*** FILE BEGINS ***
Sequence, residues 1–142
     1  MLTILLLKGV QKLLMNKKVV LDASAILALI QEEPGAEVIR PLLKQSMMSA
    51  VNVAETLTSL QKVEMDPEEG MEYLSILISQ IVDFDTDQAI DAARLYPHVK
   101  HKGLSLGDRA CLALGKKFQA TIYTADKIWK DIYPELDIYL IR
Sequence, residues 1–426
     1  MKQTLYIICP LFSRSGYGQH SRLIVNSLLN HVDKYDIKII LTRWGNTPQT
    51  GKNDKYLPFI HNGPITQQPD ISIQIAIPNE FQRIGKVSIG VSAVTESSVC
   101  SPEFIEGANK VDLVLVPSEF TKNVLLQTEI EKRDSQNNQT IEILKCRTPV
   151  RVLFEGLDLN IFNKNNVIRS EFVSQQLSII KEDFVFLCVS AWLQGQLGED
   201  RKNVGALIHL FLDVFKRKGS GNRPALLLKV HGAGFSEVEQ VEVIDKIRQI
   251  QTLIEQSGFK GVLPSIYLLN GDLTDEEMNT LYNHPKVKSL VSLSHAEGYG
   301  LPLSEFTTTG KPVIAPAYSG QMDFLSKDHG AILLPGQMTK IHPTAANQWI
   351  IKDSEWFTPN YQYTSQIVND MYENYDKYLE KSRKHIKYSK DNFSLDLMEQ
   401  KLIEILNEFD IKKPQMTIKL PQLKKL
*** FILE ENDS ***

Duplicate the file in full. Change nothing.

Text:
Sequence, residues 1–142
     1  MLTILLLKGV QKLLMNKKVV LDASAILALI QEEPGAEVIR PLLKQSMMSA
    51  VNVAETLTSL QKVEMDPEEG MEYLSILISQ IVDFDTDQAI DAARLYPHVK
   101  HKGLSLGDRA CLALGKKFQA TIYTADKIWK DIYPELDIYL IR
Sequence, residues 1–426
     1  MKQTLYIICP LFSRSGYGQH SRLIVNSLLN HVDKYDIKII LTRWGNTPQT
    51  GKNDKYLPFI HNGPITQQPD ISIQIAIPNE FQRIGKVSIG VSAVTESSVC
   101  SPEFIEGANK VDLVLVPSEF TKNVLLQTEI EKRDSQNNQT IEILKCRTPV
   151  RVLFEGLDLN IFNKNNVIRS EFVSQQLSII KEDFVFLCVS AWLQGQLGED
   201  RKNVGALIHL FLDVFKRKGS GNRPALLLKV HGAGFSEVEQ VEVIDKIRQI
   251  QTLIEQSGFK GVLPSIYLLN GDLTDEEMNT LYNHPKVKSL VSLSHAEGYG
   301  LPLSEFTTTG KPVIAPAYSG QMDFLSKDHG AILLPGQMTK IHPTAANQWI
   351  IKDSEWFTPN YQYTSQIVND MYENYDKYLE KSRKHIKYSK DNFSLDLMEQ
   401  KLIEILNEFD IKKPQMTIKL PQLKKL